Pretty cool Middle Eastern-tinged psychedelic synth grooves. I enjoyed their 2008 breakthrough Saint Dymphna, and, just as the hype would have you believe, Eye Contact is indeed the superior album. My only real problem with it is that, even though it's very solid and well executed, I'm just not sure how often (if at all) I'm going to feel compelled to return to it. Even so, the 11+-minute slow-burn opener "Glass Jar" is the best thing this band has done, and the remainder of the album rewards throughout.

  • Junior Boys, It's All True
    Rating: 5.3
    If by "true" you mean "rather dull," then sure. 2006's So This Is Goodbye was sleepy and mellow in a way that rewarded listeners with sudden bursts of energy and inspiration (remember "In the Morning"? That's a great song). This new material is just sleepy and mellow. If there's any inspiration to be found, it was lost on me. A shame.

  • Moonface, Organ Music Not Vibraphone Like I’d Hoped
    Rating: 8.3
    I hate to break it to you, but the truth is the truth: if you’re not already onboard with Spencer Krug (via either Sunset Rubdown or, more likely, Wolf Parade), I’m sorry, but this album is going to frustrate and mystify you. I suppose there’s a minuscule chance that this could be the epiphany you’ve been waiting for, but for the most part, this is a Krug album for Krug devotees. If you’re down with that (you know we are: we named our blog after his awesome 2010 EP), you pretty much know what to expect. This is a tight, focused album whose central concept is defined by, as the title suggests, Krug’s reverent use of cool-sounding 80s organs (and not vibraphone, which was evidently his original intention). If you’ve ever seen the man in concert, you know firsthand how well this dude knows his way around a keyboard, and that skill comes through loud and clear in each of these five lengthy songs (each of which clocks in at over six and a half minutes). The rest is gravy: his penchant for awesomely bewildering lyrical turns-of-phrase is in full swing, and if anything, his technical prowess and delivery has only improved over the years. And if, like us, you think Spencer is unquestionably the greatest songwriter/lyricist in the world, then this’ll be just what you need to tide you over to the next Sunset Rubdown record. Which better be in the pipeline, or I may have to have some words.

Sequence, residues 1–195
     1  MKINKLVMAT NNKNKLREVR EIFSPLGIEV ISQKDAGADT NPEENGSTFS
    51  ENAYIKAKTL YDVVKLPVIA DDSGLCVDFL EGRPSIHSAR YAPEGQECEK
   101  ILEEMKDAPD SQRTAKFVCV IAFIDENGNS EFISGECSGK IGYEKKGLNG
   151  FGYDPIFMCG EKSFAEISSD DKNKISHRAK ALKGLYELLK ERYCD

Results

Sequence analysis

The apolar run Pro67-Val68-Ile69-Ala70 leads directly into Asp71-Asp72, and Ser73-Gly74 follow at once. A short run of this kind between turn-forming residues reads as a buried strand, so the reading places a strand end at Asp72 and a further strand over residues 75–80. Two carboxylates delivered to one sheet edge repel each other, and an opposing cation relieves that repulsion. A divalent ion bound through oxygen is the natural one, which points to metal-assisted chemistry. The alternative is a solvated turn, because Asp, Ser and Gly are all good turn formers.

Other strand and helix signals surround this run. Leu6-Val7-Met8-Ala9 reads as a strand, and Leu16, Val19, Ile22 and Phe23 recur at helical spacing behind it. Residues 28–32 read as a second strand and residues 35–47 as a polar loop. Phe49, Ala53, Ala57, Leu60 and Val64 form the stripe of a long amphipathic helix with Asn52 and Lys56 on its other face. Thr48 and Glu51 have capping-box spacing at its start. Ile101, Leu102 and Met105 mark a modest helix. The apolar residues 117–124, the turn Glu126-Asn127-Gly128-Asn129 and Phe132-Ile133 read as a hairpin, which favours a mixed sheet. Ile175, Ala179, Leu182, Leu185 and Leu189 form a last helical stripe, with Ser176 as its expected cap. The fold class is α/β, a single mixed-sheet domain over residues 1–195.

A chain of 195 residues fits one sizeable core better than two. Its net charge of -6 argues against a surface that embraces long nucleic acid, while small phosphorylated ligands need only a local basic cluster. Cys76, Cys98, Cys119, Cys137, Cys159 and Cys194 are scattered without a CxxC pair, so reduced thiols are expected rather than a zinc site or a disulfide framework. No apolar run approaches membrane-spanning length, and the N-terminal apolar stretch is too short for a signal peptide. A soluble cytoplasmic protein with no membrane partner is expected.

• The Rosebuds, Loud Planes Fly Low
    Rating: 8.3
    The Rosebuds’ second best album to date (after 2007’s marvelous Night of the Furies, which has a strong case for being the single most underrated album of the past decade) is not only a fine showcase for Ivan Howard and Kelly Crisp’s melodic songwriting and passionate delivery, but also an intriguing anomaly in rock music. The short of it is that the two, who spent several years as man and wife recording a handful of really good albums, recently got divorced, but decided to keep making music together. This, logically, is their break-up album. But, see, this isn’t like most break-up albums. This is moody, thoughtful, introspective music that never points fingers and, honestly, comes across as quite hopeful. The two acknowledge that their romantic ties have dissolved, but there’s a strong, uplifting sense that they will be able to successfully turn that page in their lives and continue churning out satisfying pop music. Where most bands would be content to sulk, the Rosebuds have taken their rocky emotions and challenged themselves to make something both inspiring and mature. It’s a hell of a feat, and they pull it off. And did I mention the songs are damn good?

  • She Wants Revenge, Valleyheart
    Rating: 5.9
    Eh. A couple tracks are okay (“Take the World” has a pretty cool synth line), but this is pretty lifeless. Interpol and their entourage of similar-sounding bands really haven’t fared well in recent years, have they?

  • Skrillex, More Monsters and Sprites EP
    Rating: 5.5
    I get what he's doing here, and in this here 21st century it's actually pretty shrewd. The music scene changes every day and, once you’ve achieved stardom within your niche, you’re never 100% sure about your longevity. This release exists to keep Skrillex’s name out there, pure and simple. Whereas last October’s Scary Monsters and Nice Sprites was a full-fleshed EP with six original tracks, this one only gives us two (plus a slew of “Scary Monsters” remixes), and they’re not all that great. “First of the Year (Equinox)” is a tuneful re-hash of the exemplary “Rock N’ Roll (Will Take You to the Mountain)” that, while listenable, never quite hits the mark. Meanwhile, the two versions of “Ruffneck” are the sort of throbbing dubsteppery I still have difficulty warming up to. It’s commendable that Sonny Moore wants to satisfy his fans so much that he regularly pushes new music their way, but one can’t help but feel we’d all be that much more satisfied if he’d wait until he has another full EP’s worth of material under his belt.

    Aaaand that's it for now! Have a great week!
  • Sunday, July 10, 2011

    streetlight manifesto @ sunshine theater (7/9/11)

    "Did someone just say 'Freebird'? Punch yourself in the face." -- Thomas Kalnoky